Sunrise Sunset

Fri., Jan 11 7:07 4:31

Sat., Jan. 12 7:07 4:32

Sun., Jan. 13 7:07 4:33

Mon., Jan. 14 7:06 4:34

Tues., Jan. 15 7:06 4:35

Wed., Jan. 16 7:06 4:37

Thurs., Jan. 17 7:05 4:38

Fri., Jan. 18 7:05 4:39

Tonight’s crescent moon appears low in the western sky after sunset in the zodiacal constellation Aquarius. The moon reaches first quarter phase on Tuesday and is in the zodiacal constellation Pisces.

Color of Celestial Objects

The red planet Mars is a perfect example of how red an object in the night sky can get. The brilliant planet appears low in the eastern sky shortly after sunset and rises as the night progresses.

Mars is not as red as the flashing light at the blinker intersection in Oak Bluffs. But it is red when compared to other bright objects in the night sky. Take a look towards the southeastern sky after sunset and you’ll see the bright star Sirius. Sirius is as bright as Mars and is one of the brightest stars in the night sky. Sirius is far from red — in fact, at the other end of the rainbow when it comes to color. Sirius is blue.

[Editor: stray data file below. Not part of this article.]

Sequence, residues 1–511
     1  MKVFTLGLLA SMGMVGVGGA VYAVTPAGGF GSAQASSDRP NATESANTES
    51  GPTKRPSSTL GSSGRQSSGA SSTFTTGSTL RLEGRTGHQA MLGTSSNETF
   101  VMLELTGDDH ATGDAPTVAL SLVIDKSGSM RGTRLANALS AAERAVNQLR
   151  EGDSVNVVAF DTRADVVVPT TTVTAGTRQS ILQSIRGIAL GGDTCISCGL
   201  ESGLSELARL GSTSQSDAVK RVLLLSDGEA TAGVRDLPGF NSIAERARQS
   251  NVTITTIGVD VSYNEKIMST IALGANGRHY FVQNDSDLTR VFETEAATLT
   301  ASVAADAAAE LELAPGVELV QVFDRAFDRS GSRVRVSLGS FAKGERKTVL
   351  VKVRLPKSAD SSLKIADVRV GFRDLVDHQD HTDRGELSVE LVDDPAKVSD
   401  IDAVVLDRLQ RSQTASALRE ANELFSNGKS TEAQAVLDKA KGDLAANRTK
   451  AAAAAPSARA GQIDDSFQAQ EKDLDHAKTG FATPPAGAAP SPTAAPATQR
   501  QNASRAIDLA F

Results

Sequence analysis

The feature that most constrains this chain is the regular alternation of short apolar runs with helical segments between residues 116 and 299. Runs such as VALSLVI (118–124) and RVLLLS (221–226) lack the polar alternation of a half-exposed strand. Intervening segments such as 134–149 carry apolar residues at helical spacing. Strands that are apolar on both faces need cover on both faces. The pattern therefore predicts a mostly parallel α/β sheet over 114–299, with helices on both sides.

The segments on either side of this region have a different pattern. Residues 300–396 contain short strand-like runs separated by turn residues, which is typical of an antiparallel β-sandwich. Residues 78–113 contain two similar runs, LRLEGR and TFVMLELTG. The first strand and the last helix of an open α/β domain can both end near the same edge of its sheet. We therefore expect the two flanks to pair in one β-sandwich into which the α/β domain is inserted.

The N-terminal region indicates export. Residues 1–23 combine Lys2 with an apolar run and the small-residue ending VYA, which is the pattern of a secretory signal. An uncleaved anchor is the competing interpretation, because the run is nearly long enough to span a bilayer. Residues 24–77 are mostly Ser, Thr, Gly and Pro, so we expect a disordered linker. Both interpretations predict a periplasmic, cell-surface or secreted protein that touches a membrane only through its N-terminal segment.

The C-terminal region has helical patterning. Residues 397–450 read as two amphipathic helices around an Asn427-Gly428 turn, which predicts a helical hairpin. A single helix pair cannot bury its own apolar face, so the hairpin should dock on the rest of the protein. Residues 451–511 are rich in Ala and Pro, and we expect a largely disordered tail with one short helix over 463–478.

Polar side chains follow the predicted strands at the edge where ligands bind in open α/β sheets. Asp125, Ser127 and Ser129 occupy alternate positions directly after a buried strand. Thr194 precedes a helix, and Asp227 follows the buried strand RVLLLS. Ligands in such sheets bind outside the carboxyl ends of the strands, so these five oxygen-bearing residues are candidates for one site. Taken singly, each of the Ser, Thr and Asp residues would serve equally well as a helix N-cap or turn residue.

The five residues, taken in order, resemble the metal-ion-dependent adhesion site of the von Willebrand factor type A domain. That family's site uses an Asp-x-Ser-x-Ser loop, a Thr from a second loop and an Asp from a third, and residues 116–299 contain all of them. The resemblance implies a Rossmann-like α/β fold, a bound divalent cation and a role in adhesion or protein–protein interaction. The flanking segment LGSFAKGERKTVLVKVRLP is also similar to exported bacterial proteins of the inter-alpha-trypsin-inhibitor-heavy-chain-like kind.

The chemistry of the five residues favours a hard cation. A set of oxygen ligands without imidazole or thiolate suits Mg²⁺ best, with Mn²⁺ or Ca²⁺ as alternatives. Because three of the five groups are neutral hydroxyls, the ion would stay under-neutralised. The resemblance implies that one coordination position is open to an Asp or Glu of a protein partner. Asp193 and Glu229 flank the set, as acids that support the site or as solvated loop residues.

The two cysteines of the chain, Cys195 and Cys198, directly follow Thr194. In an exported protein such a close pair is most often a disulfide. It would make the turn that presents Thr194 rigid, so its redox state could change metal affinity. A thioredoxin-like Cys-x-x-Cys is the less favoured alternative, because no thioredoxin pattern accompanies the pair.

Compare the color of these two brilliant objects and their color is far more apparent. In the night sky, stars and planets have color. It is just hard to distinguish that color when you stare at them apart from the others.

There are two distinctly different colored stars in the constellation Orion. Compare the red star Betelgeuse, which marks the right shoulder of Orion, to the bright blue star Rigel which is Orion’s left knee.